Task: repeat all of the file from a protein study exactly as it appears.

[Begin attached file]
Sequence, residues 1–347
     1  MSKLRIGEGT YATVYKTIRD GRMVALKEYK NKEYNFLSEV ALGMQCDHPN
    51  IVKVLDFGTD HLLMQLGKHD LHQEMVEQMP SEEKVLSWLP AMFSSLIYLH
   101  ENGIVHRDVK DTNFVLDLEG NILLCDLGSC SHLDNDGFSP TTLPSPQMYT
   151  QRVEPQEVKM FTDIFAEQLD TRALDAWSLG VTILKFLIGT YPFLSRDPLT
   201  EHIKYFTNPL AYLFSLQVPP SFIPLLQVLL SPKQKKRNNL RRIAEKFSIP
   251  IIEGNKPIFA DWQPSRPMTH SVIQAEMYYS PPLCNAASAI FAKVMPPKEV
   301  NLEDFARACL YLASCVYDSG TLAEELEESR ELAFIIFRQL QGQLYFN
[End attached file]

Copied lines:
Sequence, residues 1–347
     1  MSKLRIGEGT YATVYKTIRD GRMVALKEYK NKEYNFLSEV ALGMQCDHPN
    51  IVKVLDFGTD HLLMQLGKHD LHQEMVEQMP SEEKVLSWLP AMFSSLIYLH
   101  ENGIVHRDVK DTNFVLDLEG NILLCDLGSC SHLDNDGFSP TTLPSPQMYT
   151  QRVEPQEVKM FTDIFAEQLD TRALDAWSLG VTILKFLIGT YPFLSRDPLT
   201  EHIKYFTNPL AYLFSLQVPP SFIPLLQVLL SPKQKKRNNL RRIAEKFSIP
   251  IIEGNKPIFA DWQPSRPMTH SVIQAEMYYS PPLCNAASAI FAKVMPPKEV
   301  NLEDFARACL YLASCVYDSG TLAEELEESR ELAFIIFRQL QGQLYFN